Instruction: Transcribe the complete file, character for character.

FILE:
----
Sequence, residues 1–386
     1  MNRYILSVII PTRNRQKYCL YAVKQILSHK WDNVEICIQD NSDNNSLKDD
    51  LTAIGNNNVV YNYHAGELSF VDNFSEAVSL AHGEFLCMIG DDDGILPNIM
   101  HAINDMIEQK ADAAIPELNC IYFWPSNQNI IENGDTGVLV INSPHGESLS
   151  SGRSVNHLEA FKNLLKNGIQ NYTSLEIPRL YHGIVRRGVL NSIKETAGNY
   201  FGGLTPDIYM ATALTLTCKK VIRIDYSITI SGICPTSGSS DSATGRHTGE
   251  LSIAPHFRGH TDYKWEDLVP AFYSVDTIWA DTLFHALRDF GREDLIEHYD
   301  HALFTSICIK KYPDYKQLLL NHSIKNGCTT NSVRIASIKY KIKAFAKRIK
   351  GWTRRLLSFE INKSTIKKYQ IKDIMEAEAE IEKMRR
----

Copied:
Sequence, residues 1–386
     1  MNRYILSVII PTRNRQKYCL YAVKQILSHK WDNVEICIQD NSDNNSLKDD
    51  LTAIGNNNVV YNYHAGELSF VDNFSEAVSL AHGEFLCMIG DDDGILPNIM
   101  HAINDMIEQK ADAAIPELNC IYFWPSNQNI IENGDTGVLV INSPHGESLS
   151  SGRSVNHLEA FKNLLKNGIQ NYTSLEIPRL YHGIVRRGVL NSIKETAGNY
   201  FGGLTPDIYM ATALTLTCKK VIRIDYSITI SGICPTSGSS DSATGRHTGE
   251  LSIAPHFRGH TDYKWEDLVP AFYSVDTIWA DTLFHALRDF GREDLIEHYD
   301  HALFTSICIK KYPDYKQLLL NHSIKNGCTT NSVRIASIKY KIKAFAKRIK
   351  GWTRRLLSFE INKSTIKKYQ IKDIMEAEAE IEKMRR